Job and education opportunities do not end after being a licensed practical nurse. Having an associate’s degree will qualify you to sit for the NCLEX-PN exam for getting certified as an RN or registered nurse even without a bachelor’s degree. Registered nurses are at the top of the nursing workforce, and they have many job opportunities.
The responsibilities of a registered nurse are more than that of a licensed practical nurse, and so is the annual income. Registered nurses are required to have critical thinking and decision-making skills. They will also work with extremely ill patients and will be responsible for administering medications. In addition, registered nurses can take more courses and specialize in legal nursing, information technology, and research. According to the Bureau of Labour Statistics, a registered nurse earns up to $65,950 annually.
Given below is a pro and con list to summarise the article.
Pros of Being a Licensed Practical Nurse
As you know from the information provided above, a licensed practical nurse is an excellent career choice. It has a lot of advantages.
- The time taken to complete the course is faster than other career options. Like mentioned before, the diploma will take only 10 months and the associate’s degree in nursing will take only twenty-four months or two years. Hence, if you are looking for a way to start working as soon as possible, a licensed practical nurse position is the one for you.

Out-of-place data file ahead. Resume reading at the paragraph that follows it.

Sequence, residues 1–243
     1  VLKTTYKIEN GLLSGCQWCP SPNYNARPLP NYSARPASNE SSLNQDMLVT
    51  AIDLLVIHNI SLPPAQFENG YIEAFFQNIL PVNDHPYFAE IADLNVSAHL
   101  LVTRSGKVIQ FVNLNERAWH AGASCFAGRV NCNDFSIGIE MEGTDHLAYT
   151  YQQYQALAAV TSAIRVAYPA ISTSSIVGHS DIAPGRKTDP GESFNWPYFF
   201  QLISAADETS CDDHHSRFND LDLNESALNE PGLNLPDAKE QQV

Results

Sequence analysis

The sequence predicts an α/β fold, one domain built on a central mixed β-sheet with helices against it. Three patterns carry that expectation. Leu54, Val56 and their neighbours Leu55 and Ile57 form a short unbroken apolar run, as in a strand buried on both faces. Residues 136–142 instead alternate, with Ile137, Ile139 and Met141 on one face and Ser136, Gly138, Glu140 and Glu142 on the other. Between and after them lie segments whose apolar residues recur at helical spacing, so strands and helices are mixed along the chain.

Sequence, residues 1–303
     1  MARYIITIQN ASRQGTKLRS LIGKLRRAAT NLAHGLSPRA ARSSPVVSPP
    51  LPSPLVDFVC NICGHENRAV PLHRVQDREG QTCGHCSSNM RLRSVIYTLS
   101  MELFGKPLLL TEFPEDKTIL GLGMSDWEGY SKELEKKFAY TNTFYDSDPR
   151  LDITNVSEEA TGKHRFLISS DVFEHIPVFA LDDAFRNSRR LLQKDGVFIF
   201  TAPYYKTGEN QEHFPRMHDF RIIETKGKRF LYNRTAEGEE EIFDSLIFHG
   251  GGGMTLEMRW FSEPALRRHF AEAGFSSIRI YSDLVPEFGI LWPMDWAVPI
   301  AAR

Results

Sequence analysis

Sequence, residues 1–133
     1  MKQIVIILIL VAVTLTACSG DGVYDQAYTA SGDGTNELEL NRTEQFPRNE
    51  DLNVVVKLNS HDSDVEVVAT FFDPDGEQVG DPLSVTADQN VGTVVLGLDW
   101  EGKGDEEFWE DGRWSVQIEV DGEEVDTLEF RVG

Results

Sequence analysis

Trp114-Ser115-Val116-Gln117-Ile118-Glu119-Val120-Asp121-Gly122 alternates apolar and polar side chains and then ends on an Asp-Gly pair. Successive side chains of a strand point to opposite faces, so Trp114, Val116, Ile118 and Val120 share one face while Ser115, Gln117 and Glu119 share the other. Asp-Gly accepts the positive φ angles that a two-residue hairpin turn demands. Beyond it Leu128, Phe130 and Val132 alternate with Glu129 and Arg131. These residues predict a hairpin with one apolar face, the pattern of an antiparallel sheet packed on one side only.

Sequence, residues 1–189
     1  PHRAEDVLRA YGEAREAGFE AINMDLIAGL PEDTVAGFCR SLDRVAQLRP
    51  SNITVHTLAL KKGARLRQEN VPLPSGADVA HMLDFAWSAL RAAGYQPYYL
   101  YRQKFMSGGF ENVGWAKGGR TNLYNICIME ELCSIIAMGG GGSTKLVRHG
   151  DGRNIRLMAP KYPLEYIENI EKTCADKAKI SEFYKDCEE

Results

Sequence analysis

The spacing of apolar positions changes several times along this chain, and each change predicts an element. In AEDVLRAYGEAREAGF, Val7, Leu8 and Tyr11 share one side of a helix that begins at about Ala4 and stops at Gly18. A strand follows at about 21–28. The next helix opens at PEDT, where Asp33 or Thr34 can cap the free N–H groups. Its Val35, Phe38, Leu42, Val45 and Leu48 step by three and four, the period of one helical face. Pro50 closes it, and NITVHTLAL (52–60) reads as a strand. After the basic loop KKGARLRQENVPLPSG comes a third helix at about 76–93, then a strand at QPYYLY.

- Even if the educational requirements are minimal and the time taken to start the career is short, the annual salary is high. The Bureau of Labor Statistics estimates a salary of $47,480 annually for a licensed practical nurse and this amount is expected to increase in the coming years. Economic stability is good for this career.
- As the population grows and as we come in contact with more diseases, the need for nurses to tend to sick increases. A lot of diseases and disorders require around-the-clock care for the patients. In most cases, the family members are unable to look after them and employ nurses for the same. Especially during a pandemic, the need for nursing staff is at an all-time high.
- The educational and skill requirements needed to get an associate’s degree in nursing or a diploma to become a licensed practical nurse is less compared to other nursing degrees. But at the same time, the economic and job stability provided by this career is high.